In 2023, Chetna Maroo was shortlisted for the Booker Prize at London and with her debut novel Western Lane, she glows incandescently alongside Perumal Murugan and Geetanjali Shree as guiding stars of our literary compass. As far as English is concerned, translation still serves as the only recourse for storytellers like Mrinal Pande to get word out to those reading all across the world but in the case of graphic novelist Debasmita Dasgupta, her images speak a finer language. Though born in foreign countries, writers of Indian descent like Abraham Verghese keep returning to homegrown shores for literary inspiration and acclaim.
I. Terminal 3 illustrated by Debasmita Dasgupta
Suffusing what is essentially a jaded story with the hopeful bravado of pinks and tangerines, the artwork of this second graphic novel by Debasmita Dasgupta is adept at recreating stylistic nuances such as the kashida embroidery and ornate deodar architecture blooming in the valley. The protagonist Khwab, a 17-year-old jiujitsu fighter, is people-watching at Terminal 3 of New Delhi's international airport while waiting for a flight that's been delayed. She can't even call back home because the crumbling down of Article 370 means that Kashmir has been flung into a connectivity black hole. An illustration Debasmita drew of a female kickboxer from Kashmir’s Bandipora district and her nurturing family planted the germ for Terminal 3 about a school-going hijabi girl who will not let herself be swept away by the greys and mournful indigo hues of personal tragedy.
You can order your copy here.
II. The Covenant Of Water by Abraham Verghese
A child bride awakens to bitter tears in 1900s Travancore (present day Kerala) but at least her 40-year-old husband has a modest estate to his name, unlike the Pulayan field workers he has hired to run it. Big Ammachi becomes a mother for the first time at 17 but questions her beleaguered world that doesn't let the farmhand's boy go to school with her children. The Indian origin author traces a family curse that hangs over the landowners, eerily linked to water, cascading through hereditary diseases and disfiguring birthmarks in a fascinating narrative that shows how much history we carry in our bodies. Abraham Verghese's prowess as a physician makes itself felt throughout this surgical dissection of a family's struggle with privilege and caste system in a legacy they pass down by blood.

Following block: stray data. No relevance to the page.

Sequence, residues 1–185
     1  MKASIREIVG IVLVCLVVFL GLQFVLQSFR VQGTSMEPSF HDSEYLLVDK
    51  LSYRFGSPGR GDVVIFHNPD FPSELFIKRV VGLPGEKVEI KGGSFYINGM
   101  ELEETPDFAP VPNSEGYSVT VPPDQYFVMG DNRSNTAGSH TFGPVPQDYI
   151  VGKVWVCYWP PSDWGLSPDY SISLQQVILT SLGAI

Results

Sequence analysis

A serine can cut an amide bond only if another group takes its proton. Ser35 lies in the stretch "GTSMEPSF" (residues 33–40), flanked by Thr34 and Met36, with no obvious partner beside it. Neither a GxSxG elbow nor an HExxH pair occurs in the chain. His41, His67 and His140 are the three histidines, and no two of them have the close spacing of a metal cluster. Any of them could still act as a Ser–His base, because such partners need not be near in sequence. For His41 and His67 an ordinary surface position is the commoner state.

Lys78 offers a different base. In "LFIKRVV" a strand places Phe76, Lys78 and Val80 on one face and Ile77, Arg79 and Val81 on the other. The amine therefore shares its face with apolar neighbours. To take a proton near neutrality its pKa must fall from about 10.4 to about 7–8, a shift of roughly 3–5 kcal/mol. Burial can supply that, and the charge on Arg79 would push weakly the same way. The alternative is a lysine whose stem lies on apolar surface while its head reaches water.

You can get your hands on the book here.
III. Sahela Re by Mrinal Pande
The sutradhar (narrator) Vidya is a music scholar enamoured with old school gharanas (artistic families) and thumri legends who echoed through the gramophones of 20th century north India. As she swims deeper in pursuit of Hindustani classical rhythms, Vidya can find herself relating to the whale song of frustration that artists like Begum Akhtar or Girija Devi must have serenaded being shut out of esoteric mehfils or even public concerts for so long. But the tawaifs or courtesans who were integral to such events remained outsiders in respectable society. Author Mrinal Pande writes with a breath of fresh air, through the medium of letters (epistolary) and is translated luminously from Hindi by Priyanka Sarkar.
You can buy your paperback here.
IV. Western Lane by Chetna Maroo
Shortlisted for the Booker Prize this year, Chetna Maroo's debut coming-of-age novel takes place mostly at a squash court just outside of London. Gopi and her sisters have just lost their mother but the grief ricochets through their lives with a cyclical quality shared only by their squash training sessions. Helming the intense hypnosis, the stentorian father bolsters their courage not with honeyed endearments but critical notes on their performance, driving them to keep batting away the unforgiving onslaught of painful memories. Gopi grows to spot the eye of the storm, in the guise of a high-pressure tournament and somehow think clearly amidst the chaos of language barriers, personal loss and resentment.
You can purchase this novel here.
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